if you have ever bought a new or antique barometer and needed some information on how toset it up, adjust, or just ensure it works accurately, so that you can create you own weather forecasts then why not follow these simple steps?
What do they do?
It doesn’t matter whether you own a pocket barometer, desk barometer, or a barometer that is fixed to your wall, essentially they simply measure air pressure – expressed in millibars or inches. If you have an aneroid barometer this will display the reading by means of dial and a needle, as opposed to a mercury barometer which uses the height of liquid mercury within a glass tube. Since changes in air pressure accompany changing weather, these instruments can be used to help forecast local weather some 24-48 hours in advance.
Set up for altitude
Additionally changes that are associated with weather patterns means barometric pressure also changes with altitude –decreasing the higher you are situated. Aneroid barometer movements are generally set at from production in order to give the correct reading at sea level (the standard measurement point). This may not be the case as far as antique barometers are concerned however. In addition if the barometer is to be mounted above sea level – i.e. for most domestic use – it is required to adjust your barometer as a result of this.
Obtain an accurate pressure reading from the nearest weather or meteorological station. In theUKthis can be achieved by dialling 0870 900 0100 (local call rate), or+44 1392 885 680from overseas. This is a point of contact for the main Met Office Headquarters in Exeter, which has a very obliging customer care centre. Alternatively you can pay a visit to their website atwww.metoffice.gov.uk.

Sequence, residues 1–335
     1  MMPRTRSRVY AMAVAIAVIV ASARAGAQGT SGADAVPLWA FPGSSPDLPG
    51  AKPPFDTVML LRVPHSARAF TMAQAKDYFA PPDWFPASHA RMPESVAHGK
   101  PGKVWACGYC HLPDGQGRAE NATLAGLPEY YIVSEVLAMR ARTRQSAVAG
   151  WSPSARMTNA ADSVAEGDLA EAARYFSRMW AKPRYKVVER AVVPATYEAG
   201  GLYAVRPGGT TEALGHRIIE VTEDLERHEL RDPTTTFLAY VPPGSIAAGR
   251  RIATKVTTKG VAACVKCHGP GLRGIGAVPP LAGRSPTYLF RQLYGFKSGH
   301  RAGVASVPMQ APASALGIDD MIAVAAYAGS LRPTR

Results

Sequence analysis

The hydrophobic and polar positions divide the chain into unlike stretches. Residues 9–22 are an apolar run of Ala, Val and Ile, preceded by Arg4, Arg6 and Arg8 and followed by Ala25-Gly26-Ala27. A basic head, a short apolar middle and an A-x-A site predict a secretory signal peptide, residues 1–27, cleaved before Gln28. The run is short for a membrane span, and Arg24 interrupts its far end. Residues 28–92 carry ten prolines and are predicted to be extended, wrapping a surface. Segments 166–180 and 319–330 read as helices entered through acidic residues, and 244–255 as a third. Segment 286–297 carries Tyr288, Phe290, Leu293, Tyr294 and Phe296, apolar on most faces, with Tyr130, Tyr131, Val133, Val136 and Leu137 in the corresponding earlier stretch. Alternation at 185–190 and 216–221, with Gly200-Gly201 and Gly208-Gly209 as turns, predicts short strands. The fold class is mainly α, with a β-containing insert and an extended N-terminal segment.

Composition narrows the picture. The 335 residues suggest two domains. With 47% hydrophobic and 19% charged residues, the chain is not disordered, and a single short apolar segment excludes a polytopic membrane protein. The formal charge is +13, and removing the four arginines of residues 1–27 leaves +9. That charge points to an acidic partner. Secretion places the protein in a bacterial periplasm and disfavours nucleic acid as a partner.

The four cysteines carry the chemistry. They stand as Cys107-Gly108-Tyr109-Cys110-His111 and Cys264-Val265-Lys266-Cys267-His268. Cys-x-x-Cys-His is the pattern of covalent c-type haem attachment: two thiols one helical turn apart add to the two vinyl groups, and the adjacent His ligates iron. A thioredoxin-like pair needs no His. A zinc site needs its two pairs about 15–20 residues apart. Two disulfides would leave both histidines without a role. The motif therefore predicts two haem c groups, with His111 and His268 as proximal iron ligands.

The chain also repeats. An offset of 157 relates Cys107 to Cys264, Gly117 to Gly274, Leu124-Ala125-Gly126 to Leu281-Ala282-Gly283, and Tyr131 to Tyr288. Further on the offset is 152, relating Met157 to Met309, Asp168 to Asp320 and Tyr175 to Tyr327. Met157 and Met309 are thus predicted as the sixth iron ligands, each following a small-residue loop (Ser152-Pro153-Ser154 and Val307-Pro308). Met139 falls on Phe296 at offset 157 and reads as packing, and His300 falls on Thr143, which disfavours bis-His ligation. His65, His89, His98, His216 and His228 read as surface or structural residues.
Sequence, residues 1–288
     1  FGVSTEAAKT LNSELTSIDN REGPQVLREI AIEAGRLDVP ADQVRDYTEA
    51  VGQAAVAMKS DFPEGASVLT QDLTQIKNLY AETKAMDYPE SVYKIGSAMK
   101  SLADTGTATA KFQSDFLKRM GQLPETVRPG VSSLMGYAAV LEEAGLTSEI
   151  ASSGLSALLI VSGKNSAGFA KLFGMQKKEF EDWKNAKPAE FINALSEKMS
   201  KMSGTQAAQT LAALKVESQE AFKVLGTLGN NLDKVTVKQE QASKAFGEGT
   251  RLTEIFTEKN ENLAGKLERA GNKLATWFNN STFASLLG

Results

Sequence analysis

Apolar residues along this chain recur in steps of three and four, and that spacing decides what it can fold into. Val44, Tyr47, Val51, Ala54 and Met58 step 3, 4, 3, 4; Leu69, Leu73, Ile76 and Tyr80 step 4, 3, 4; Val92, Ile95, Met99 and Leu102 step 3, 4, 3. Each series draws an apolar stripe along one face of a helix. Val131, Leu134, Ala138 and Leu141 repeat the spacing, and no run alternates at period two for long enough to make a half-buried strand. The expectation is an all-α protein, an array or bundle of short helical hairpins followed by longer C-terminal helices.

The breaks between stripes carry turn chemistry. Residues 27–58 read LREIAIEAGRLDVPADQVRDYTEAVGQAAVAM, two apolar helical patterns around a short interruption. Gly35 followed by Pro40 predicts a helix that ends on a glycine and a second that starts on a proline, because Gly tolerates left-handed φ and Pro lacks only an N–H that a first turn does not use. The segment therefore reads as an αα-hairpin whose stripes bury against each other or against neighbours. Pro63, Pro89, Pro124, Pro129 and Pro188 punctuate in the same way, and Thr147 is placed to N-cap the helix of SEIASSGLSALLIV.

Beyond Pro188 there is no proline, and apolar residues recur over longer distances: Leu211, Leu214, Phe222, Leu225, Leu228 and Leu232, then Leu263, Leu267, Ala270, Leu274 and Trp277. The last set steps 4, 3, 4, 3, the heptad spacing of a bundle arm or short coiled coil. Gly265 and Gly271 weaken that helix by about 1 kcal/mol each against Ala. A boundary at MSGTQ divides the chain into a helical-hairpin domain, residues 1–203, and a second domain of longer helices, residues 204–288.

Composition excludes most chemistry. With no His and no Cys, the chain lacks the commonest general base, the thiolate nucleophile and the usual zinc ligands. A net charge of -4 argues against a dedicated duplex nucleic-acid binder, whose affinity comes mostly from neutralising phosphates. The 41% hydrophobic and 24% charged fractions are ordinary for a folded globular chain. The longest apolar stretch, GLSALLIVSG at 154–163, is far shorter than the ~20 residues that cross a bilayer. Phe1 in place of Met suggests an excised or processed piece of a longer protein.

Once you have established the accurate pressure for your location you should use a small screwdriver, to adjust the screw on the back of the movement turning until the adjusted needle indicates fittingly.
Creating a weather forecast
The notes on the barometer face (RAIN, CHANGE etc) are broad indications and less important than the actual pressure change. Regular observation will quickly lead to a greaterunderstanding of weather patterns.Generally:
–Increasing Pressure(movement of the needle in a clockwise direction) suggests improving weather, associated with a HIGH or “anti-cyclonic” pressure system.
– Decreasing Pressure(movement of the needle in an anti-clockwise direction) suggests deteriorating weather, associated with a LOW or “cyclonic” pressure system.
–Steady Pressure, typical of extended fine weather periods, suggests more of the same.
To observe the trend, the movable pointer is turned so that it sits directly above the barometer needle. Later (perhaps 6 hours for an easily-identifiable change), the barometer glass is tapped gently and the direction of movement of the needle noted.